Here’s the kind of argument that, unfortunately, we see all too frequently online. On the “Stone Builders, Mound Builders, and the Giants of Ancient America” Facebook page, the page owner posts a daily archival news report from the nineteenth century about the discovery of the bones of “giants.” These reports have several sources, ranging from misidentified mastodon and mammoth bones to outright hoaxes; nevertheless, many believers in alternative history hold that these newspaper accounts, for which there is no extant physical evidence, are prima facie proof that giants once wandered ancient America.
Here’s the conspiracy theory posted earlier today:
Numerous reports clearly point right to the Smithsonian receiving giant remains and indicate their scientists were involved in the excavations but the skeletal material all seems to have gone missing. If all this evidence was "normal sized" then where are the remains to prove this? Obviously, removing the remains, creating a law to force repatriation of all of this material (NAGPRA) and concocting a fairy tale that somehow all this evidence was in error and you have the current state of affairs. A state where a wall of arrogance and dissimissiveness [sic] has been built to make it virtually impossible for professionals to objectively look at the evidence.
Notice the backward logic from beginning to end. The “reports”—from old newspapers—are assumed true, so the fact that no such remains exist (or ever existed) at the Smithsonian is now proof of a cover-up. The claim that the Smithsonian had the skeletons of giants, incidentally, does not appear in the literature of the nineteenth century, when these giant bones were allegedly consigned to the museum; presumably, the Biblical literalists of the day would have made as much of them as they did of the Cardiff Giant, and yet it was not so. In fact, as early as 1865 the Smithsonian published a document by Ducrotay de Blainville, following Cuvier, attributing “giant” humanoid bones to mastodons. Surely in the period prior to the explosion of the Mound Builder myth, when the existence of giants was taken for granted, there should be some record in the Smithsonian materials of these alleged bones. I find it interesting that I can track down no claim of missing giant bones from the Smithsonian until the rise of the modern creationist and alternative history movements in the middle twentieth century, when suddenly Victorian yellow journalism became proof of biblical truths.
David Childress promoted the idea in his claims about the alleged Egyptian-Tibetan tomb in the Grand Canyon, and Ross Hamilton picked up the thread with the “Holocaust of Giants: The Great Smithsonian Cover-Up” article in 2001; he quotes Vine Deloria, who I suppose is probably right in relating the idea to “the ending of the Indiana Jones movie—a great warehouse where the real secrets of earth history are buried.” He, though, took the idea seriously because he was notorious for accepting pseudoscience as long as it supported his political views. I’d guess that Raiders of the Lost Ark had a good deal of influence on how alternative types—who liken themselves to Indiana Jones—perceive museums. Childress wrote an article in 1993 (World Explorer vol. 1, no. 3) called “Smithsoniangate” in which he explicitly cited Raiders of the Lost Ark as a touchstone for understanding the Smithsonian “cover-up.” He accused John Wesley Powell of starting the cover-up in 1881 to quash evidence of a lost white Mound Builder culture. So far as I know, this is the first reference I can find to the imaginary cover-up, though there may be earlier versions I do not know about.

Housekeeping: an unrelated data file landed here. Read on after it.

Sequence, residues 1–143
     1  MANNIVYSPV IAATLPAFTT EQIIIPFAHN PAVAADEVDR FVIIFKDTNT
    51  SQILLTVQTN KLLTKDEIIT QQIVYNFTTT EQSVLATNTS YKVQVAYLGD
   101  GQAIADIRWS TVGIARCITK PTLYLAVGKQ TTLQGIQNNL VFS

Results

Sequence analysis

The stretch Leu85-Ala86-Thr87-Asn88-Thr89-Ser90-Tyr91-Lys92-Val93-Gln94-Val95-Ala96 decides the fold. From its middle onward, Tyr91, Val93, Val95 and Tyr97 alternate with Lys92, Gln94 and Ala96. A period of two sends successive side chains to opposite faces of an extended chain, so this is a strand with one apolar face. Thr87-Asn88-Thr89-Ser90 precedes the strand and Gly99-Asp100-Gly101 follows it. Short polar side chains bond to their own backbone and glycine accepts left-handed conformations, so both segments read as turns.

The second sentence is worse, inverting the burden of proof. The author wants bones of normal size to prove they are not the bones of giants; yet, if these finds were hoaxes (as most were), there would be no bones whatsoever. The absence of normal sized bones is not proof of the reality of gigantic ones. So where are the bones? One of the most ridiculous tropes of the era was the case of the disintegrating bones. In 1800, for example, a landowner named Aaron Wright (later famous for contributing evidence challenging the authenticity of the Book of Mormon) claimed to have pulled the skull of a giant from a mound in New Salem, Ohio, so large it was twice the size of a normal human. He allegedly wore the skull as a mask, covering his whole face. Then, when others came to see it, suddenly it crumbled into dust. Just to top it all off, when Caleb Atwater showed up in 1820 to study the site, he was told the bones had been abnormally small and belonged to midgets! This was not an isolated event.
The next claim suggests that the 1990 Native American Graves Protection and Repatriation Act—which, incidentally, does not apply to private land or state-owned land, only federal lands—is a conspiracy to hide the bones of giants. Since all of the bones that are repatriated are documented, where exactly is this hiding the giant bones? Are all the Native Americans in on it, too, choosing to bury giants’ bones as Native American and willfully ignoring ten-foot-long femurs? I imagine a latter-day Procrustes chopping up the bones to fit normal-sized burial plots while rubbing hands together and cackling about pulling one over on the biblical literalists.
I am an author and researcher focusing on pop culture, science, and history. Bylines: New Republic, Esquire, Slate, etc. There's more about me in the About Jason tab.
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